Late Friday, French power and transportation company Alstom S.A. was sentenced to pay a $772 million fine for violating the Foreign Corrupt Practices Act (FCPA) through its payment of millions of dollars in secret bribes to government officials across the globe. This follows the company’s December 2014 guilty plea to the charges. The 9-figure payout represents the largest criminal fine ever imposed for foreign bribery. See DOJ Press Release.
According to the company’s own admissions, Alstom paid bribes to government officials and falsified books and records in connection with power, grid and transportation projects for state-owned entities around the world, including in Indonesia, Egypt, Saudi Arabia, the Bahamas and Taiwan. In Indonesia, for example, the company paid bribes to a high-ranking member of the Indonesian Parliament and high-ranking members of Perusahaan Listrik Negara, the state-owned electricity company, to secure roughly $375 million worth of contracts to provide power-related services.
Alstom’s corruption scheme not only involved making the illicit payments to secure government contracts. It also involved concealing the bribes by retaining consultants purportedly to provide consulting services but that actually served as conduits for the illegal payments. In total, Alstom paid more than $75 million in bribes to secure more than $4 billion in projects around the world, with a profit to the company of approximately $300 million.
In announcing the sentence, the largest ever for an FCPA violation, the DOJ highlighted why it was so severe. The agency stressed it was based on Alstom’s failure to voluntarily disclose the misconduct; its refusal to cooperate with the government when it got caught; the breadth of the misconduct; the company’s lack of an effective compliance and ethics program; and its history of engaging in similar foreign bribery schemes. In spelling out its enforcement rationale, the DOJ seemed intent on putting companies on notice it will not tolerate foreign bribery. But some are beginning to wonder if the agency is only looking for the big scores?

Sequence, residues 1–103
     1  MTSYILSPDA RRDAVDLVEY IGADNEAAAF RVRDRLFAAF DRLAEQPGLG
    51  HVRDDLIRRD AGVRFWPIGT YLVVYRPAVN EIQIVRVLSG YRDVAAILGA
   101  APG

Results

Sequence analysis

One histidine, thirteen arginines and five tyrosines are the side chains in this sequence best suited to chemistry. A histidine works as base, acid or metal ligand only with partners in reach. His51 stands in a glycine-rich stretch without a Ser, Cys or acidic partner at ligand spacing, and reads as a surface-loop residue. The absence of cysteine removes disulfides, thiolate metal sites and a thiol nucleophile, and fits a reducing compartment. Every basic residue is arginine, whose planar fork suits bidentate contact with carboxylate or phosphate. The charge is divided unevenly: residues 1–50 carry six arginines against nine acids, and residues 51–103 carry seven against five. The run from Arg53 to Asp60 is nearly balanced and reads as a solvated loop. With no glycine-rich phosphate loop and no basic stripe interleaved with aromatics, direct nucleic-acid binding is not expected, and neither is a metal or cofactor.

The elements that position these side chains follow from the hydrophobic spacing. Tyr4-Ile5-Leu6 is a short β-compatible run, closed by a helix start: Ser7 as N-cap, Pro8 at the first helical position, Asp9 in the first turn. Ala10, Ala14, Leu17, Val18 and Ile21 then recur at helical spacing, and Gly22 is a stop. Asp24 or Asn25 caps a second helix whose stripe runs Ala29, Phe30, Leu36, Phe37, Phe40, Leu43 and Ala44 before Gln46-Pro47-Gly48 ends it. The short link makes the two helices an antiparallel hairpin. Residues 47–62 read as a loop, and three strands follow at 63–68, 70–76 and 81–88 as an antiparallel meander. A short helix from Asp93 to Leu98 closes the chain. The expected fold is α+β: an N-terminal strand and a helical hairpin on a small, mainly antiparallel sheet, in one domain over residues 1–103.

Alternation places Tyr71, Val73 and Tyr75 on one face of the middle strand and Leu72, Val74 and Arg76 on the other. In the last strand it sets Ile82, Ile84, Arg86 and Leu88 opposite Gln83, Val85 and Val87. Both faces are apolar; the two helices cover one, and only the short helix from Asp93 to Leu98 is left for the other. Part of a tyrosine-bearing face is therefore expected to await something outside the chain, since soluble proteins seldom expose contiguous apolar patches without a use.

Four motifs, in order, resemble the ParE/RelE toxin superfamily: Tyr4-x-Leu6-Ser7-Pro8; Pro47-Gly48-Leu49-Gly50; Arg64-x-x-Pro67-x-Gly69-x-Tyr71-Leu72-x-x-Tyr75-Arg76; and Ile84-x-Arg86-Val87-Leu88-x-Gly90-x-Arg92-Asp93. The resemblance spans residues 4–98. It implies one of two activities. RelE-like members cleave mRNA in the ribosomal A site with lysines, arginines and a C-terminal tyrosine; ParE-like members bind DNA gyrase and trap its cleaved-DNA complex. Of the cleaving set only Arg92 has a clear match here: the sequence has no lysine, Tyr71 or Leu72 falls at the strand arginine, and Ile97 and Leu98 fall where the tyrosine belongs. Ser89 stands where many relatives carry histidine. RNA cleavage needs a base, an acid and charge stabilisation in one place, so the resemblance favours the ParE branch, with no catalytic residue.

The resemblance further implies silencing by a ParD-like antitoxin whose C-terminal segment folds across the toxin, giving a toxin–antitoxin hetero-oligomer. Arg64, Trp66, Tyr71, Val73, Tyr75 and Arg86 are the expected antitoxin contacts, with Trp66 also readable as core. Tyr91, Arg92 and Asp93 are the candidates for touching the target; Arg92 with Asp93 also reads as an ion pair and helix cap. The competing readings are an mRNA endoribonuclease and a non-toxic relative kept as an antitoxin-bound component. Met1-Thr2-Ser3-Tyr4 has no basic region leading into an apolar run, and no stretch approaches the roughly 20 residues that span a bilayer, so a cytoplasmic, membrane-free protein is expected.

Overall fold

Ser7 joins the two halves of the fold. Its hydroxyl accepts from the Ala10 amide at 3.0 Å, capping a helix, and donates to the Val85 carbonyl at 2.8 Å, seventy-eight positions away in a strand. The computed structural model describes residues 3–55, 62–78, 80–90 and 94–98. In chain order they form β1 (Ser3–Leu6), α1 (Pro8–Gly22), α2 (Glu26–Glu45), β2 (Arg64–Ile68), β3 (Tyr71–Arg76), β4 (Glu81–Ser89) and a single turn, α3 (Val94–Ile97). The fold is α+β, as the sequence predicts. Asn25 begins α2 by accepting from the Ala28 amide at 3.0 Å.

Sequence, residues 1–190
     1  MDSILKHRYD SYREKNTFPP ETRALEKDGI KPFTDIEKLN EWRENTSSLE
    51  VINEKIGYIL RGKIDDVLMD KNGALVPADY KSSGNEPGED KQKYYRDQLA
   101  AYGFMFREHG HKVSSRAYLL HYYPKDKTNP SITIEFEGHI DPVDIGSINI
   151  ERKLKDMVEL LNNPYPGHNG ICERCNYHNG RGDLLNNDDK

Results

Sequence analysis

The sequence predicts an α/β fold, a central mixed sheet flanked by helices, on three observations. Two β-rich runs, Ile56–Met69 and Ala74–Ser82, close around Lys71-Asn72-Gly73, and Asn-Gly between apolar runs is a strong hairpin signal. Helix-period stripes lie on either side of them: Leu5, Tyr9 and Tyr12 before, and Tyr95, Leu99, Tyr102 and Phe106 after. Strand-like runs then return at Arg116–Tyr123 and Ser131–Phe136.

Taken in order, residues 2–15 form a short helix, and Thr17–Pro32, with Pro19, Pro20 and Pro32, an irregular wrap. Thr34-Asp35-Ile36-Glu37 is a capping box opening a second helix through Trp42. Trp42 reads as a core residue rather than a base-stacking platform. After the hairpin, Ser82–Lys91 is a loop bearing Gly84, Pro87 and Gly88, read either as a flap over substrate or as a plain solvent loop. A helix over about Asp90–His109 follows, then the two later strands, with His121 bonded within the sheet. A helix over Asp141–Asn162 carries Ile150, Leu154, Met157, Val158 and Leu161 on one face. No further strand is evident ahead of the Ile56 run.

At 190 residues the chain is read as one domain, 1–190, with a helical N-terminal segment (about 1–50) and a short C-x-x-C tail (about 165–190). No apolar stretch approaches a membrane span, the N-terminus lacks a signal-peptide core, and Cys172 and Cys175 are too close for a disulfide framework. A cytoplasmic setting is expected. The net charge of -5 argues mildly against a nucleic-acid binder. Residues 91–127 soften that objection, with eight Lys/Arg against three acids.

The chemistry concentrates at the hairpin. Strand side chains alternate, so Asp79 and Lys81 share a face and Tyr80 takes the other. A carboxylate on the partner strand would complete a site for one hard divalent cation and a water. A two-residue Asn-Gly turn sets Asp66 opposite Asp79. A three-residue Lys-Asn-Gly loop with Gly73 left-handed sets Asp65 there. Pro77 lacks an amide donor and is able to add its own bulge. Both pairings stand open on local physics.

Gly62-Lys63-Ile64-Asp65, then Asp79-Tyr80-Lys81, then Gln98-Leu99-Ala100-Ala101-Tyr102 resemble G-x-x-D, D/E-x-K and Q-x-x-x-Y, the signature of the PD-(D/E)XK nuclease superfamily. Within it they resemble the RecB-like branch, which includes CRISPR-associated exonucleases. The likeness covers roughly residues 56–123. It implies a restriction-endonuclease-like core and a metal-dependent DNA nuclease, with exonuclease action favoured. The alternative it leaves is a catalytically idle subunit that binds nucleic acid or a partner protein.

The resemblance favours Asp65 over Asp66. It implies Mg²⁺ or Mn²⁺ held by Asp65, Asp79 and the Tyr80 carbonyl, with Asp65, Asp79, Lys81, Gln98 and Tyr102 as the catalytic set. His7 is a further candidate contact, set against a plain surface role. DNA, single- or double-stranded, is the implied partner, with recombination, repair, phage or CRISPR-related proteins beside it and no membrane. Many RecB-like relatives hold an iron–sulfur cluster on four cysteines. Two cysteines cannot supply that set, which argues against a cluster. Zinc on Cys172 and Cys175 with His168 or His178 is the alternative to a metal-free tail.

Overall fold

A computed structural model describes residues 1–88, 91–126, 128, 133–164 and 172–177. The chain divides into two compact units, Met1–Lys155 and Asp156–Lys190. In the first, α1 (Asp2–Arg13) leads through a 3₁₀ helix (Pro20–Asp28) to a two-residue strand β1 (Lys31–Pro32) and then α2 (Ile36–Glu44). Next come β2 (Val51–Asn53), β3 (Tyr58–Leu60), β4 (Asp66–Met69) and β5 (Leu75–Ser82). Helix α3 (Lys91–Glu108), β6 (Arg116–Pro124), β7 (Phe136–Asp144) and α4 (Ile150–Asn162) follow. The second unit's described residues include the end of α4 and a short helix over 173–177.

Notably, the DOJ’s announcement of its record-breaking FCPA enforcement action comes only two days after the Wall Street Journal reported a “sea change” in the agency’s foreign corruption enforcement approach. According to the Journal, just two corporate FCPA cases were settled over the past year, down from an average of 10 over the past three years. Cases against individuals have followed an equally precipitous slide. What this seems to reflect is a new policy by the DOJ to focus only on “higher impact” cases” — namely, those involving bigger companies, engaging in bigger corruption schemes, resulting in bigger fines. The Alstom case fits precisely into this new enforcement framework.
What remains to be seen is whether this kind of narrowed regulatory focus may tempt smaller companies to become more lax in their compliance efforts, believing they are no longer on the government’s anti-bribery radar. Those companies and executives thinking about rolling the dice with this kind of gambit should tread carefully. The DOJ may be zeroing in on the big fish for now, but the agency has made it clear it will not tolerate foreign bribery of any size. According to DOJ spokesman Peter Carr, “the number of public announcements about filed cases or resolutions will vary, but have no doubt that our commitment to FCPA enforcement is stronger than ever.”
And lest we forget, DOJ enforcement aside, the Securities and Exchange Commission is also on the beat. And this rejuvenated enforcement body has shown no signs of slowing down in its FCPA crusade, averaging this year about one settlement a month and counting. Moreover, corporate executives should take note it is not just their companies that remain in the government’s crosshairs. The DOJ has made it clear it will go after individuals too. The Alstom indictments included numerous US and foreign executives at the company, several of whom pleaded guilty to FCPA violations and are currently in jail.
So the bottom line for those doing business in the US, both big and small: foreign bribery does not pay. And if approached to take part in an illicit scheme, you would be wise to reach out to your company’s compliance department, or avail yourself of the protections (and potential rewards) under the whistleblower programs of the False Claims Act or Dodd-Frank Act. Otherwise, you may risk a whole lot more trouble than just a swift boot from the executive suite.
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